We believe these cases are all factually distinguishable from the present case.   The district court identified the specific acts of SOPO which it determined constituted commercial activity in the United States, that is, SOPO's direct participation in vendor meetings during which equipment utilizing trade secrets stolen from BP was discussed, inspected and tested.   The record shows specific and direct evidence of SPECO providing engineering drawings and other protected information for the specifications on the equipment discussed during the vendor meetings.   And while the district court did not identify the specific equipment discussed at each vendor meeting, it is reasonable to infer, at least with respect to the two-day meeting at Nooter, that all the equipment provided by Nooter was discussed.   The record demonstrates the high level of formality required by the Chinese government for the acceptance of the equipment.   Indeed, this high level of formality appears to be the primary reason SOPO representatives, rather than just SPECO representatives, were required to attend the vendor meetings in the United States before approving the equipment.   It would be odd, indeed, if the Chinese government required SOPO to attend these meetings and inspections, and then not require them to inspect all the equipment.

In sum, the district court found BP trade secrets were used and discussed during multiple vendor meetings in the United States.   The district court found at least twenty SOPO representatives attended these meetings, actively participating in technical discussions, and inspections and tests of the equipment.   These findings are not clearly erroneous, and are sufficient to show commercial activity by SOPO in the United States connected to SOPO's use of BP trade secrets.5

B. Personal Jurisdiction

 SOPO also challenges the district court's denial of its motion to dismiss for lack of personal jurisdiction.   Although the denial of a motion to dismiss for lack of personal jurisdiction is generally not immediately appealable, United States v. Brakke, 813 F.2d 912, 913 (8th Cir.1987), personal jurisdiction is “inextricably intertwined” with FSIA immunity and thus can be raised in an appeal addressing that issue.  S & Davis Int'l, Inc. v. The Republic of Yemen, 218 F.3d 1292, 1297 (11th Cir.2000).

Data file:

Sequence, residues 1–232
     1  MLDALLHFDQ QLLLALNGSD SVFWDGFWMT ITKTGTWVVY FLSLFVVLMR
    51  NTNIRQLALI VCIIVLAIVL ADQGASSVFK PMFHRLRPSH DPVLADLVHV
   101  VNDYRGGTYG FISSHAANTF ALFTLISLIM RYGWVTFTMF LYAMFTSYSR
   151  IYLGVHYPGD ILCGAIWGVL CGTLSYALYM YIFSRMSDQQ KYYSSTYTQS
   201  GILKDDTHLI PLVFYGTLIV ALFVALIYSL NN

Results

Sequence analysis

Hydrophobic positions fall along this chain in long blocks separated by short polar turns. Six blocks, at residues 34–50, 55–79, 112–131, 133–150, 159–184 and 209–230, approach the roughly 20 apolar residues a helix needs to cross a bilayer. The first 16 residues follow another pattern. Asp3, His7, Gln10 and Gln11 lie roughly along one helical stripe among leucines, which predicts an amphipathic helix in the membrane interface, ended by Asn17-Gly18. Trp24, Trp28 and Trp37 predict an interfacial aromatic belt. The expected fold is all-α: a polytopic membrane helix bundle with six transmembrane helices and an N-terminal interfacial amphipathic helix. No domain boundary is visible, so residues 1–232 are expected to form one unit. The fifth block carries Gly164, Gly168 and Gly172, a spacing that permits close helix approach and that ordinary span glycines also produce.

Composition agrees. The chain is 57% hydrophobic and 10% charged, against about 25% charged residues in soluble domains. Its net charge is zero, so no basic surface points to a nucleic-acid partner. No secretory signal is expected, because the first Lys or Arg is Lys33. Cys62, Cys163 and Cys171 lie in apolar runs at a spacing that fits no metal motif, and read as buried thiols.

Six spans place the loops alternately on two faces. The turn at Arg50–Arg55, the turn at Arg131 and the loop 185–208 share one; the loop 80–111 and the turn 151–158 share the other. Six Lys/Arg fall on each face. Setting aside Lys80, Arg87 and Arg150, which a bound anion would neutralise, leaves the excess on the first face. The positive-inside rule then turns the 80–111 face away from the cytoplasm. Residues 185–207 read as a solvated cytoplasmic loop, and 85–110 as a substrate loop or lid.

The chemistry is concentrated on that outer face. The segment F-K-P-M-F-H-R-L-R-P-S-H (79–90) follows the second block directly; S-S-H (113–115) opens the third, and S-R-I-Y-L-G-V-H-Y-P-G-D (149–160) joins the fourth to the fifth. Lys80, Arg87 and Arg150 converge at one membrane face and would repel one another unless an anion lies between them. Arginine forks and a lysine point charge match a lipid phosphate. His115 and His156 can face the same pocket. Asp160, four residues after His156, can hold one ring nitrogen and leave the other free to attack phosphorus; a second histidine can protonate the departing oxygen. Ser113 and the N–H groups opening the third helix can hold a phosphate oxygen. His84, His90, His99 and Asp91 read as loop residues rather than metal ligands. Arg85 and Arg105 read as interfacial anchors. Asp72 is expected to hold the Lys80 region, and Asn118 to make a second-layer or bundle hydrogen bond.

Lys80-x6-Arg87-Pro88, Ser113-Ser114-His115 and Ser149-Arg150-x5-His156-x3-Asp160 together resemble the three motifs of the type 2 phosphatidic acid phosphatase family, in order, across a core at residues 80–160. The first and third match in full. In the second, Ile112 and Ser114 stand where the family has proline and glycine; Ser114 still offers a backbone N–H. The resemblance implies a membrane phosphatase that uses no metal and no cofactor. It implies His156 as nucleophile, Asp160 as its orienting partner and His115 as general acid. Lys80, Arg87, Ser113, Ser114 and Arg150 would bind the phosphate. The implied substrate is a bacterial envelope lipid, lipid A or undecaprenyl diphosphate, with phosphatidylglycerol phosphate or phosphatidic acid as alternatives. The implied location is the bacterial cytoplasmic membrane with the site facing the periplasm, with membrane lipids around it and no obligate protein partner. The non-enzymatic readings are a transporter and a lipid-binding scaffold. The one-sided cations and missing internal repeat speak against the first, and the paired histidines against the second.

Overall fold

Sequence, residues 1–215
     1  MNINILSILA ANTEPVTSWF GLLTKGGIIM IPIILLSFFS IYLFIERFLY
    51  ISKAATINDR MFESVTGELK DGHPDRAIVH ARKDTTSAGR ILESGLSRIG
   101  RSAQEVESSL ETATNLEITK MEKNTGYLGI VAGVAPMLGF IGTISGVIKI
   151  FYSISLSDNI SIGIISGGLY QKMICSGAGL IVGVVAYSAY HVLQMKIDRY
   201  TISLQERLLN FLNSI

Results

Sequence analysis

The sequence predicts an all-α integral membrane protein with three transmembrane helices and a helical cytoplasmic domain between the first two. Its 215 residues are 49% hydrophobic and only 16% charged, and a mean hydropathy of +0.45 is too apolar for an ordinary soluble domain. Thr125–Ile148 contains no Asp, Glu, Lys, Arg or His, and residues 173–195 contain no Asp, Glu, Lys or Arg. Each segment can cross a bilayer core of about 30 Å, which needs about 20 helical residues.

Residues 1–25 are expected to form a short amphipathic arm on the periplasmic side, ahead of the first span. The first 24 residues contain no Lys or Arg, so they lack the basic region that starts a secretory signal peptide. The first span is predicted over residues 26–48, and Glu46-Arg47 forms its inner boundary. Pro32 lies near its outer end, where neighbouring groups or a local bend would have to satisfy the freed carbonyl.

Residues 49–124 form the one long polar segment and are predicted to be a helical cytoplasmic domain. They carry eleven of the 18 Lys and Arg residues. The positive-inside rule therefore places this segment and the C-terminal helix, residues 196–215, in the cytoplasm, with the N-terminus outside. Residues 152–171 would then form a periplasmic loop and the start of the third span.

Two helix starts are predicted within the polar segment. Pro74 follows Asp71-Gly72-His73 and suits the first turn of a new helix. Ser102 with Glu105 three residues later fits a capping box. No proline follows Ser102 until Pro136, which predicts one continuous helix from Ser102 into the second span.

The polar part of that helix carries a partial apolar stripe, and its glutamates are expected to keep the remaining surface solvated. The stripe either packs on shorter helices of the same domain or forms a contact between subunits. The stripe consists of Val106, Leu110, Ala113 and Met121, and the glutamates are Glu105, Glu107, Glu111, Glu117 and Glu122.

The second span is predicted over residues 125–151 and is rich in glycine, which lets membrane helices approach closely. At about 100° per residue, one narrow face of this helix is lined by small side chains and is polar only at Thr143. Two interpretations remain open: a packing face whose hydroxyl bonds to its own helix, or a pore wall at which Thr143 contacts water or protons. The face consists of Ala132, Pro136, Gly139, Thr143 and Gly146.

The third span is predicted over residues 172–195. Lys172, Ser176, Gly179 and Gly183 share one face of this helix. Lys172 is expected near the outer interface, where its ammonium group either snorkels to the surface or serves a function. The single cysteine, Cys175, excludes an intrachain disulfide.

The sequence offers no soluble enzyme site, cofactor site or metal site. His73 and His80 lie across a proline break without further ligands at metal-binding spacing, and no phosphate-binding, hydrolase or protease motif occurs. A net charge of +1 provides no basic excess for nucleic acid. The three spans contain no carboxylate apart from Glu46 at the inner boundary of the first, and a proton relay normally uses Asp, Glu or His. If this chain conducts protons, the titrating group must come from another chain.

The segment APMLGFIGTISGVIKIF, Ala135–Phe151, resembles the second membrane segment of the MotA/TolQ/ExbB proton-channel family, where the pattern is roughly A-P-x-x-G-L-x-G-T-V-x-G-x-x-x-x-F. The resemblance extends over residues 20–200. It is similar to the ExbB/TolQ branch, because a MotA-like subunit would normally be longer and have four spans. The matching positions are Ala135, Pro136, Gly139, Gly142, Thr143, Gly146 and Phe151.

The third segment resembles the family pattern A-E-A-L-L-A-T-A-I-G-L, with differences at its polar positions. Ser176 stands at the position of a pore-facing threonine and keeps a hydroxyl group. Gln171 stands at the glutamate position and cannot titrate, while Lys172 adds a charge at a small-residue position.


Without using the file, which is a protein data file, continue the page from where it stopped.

We dispose of this issue in quick fashion.   The district court found SOPO had sufficient contacts with the United States to fit within the commercial activity exception of the FSIA. We believe this is dispositive of the related issue whether SOPO had sufficient minimum contacts with an American forum that it could be expected to be haled into court there.   See Price v. Socialist People's Libyan Arab Jamahiriya, 294 F.3d 82, 89-90 (D.C.Cir.2002) (collecting cases which hold the “exercise of personal jurisdiction over foreign states under the [FSIA]” also satisfies the “minimum contacts” requirements of the Due Process Clause).6


We affirm the order denying SOPO's motion to dismiss, and remand this case to the district court for further proceedings.


1.   The Honorable Catherine D. Perry, United States District Judge for the Eastern District of Missouri.

2.   Most of the “shameless copy” exhibits presented by BP relate to specifications on drying columns.   Three relate to a “hastelloy B-2 reactor.”   Appellee's App. at 1717, 1721-22.   Two relate to “pump specifications.”  Id. at 1712-13.   One relates to “sheet, plate, and strip” specifications.  Id. at 1714.   One relates to “piping” specifications.  Id. at 1715.   One relates to “material” specifications in general.  Id. at 1716.   One relates to a “light ends column.”  Id. at 1720.

3.   The reboilers, condensors, coolers and heater are collectively referred to as “heat exchangers” in some documents in the record.

4.   SOPO also moved to dismiss on grounds of forum non conveniens, arguing the proper forum should be the courts of China. The district court's denial of that motion is not at issue in this appeal.

5.   SOPO further claims the evidence is insufficient to show SOPO had actual or constructive knowledge that BP's trade secrets were derived from or through a person who had utilized improper means to acquire it.   That, however, is a separate element of BP's claim, see Mo. Stat. Ann. § 417.453(2)(b), and as noted above, at this stage of the litigation BP need only show that one element of its claim is connected to commercial activity in the United States.   Thus, we need not, and do not, address the issue of SOPO's knowledge at this time.

6.   Indeed, the nexus requirements imposed by the FSIA probably exceed the constitutional standard.   See In re Papandreou, 139 F.3d 247, 253 (D.C.Cir.1998) (holding “substantial contact” required by 28 U.S.C. § 1603(e), which defines “commercial activity,” requires more than the “minimum contacts” necessary to satisfy due process requirements).

BYE, Circuit Judge.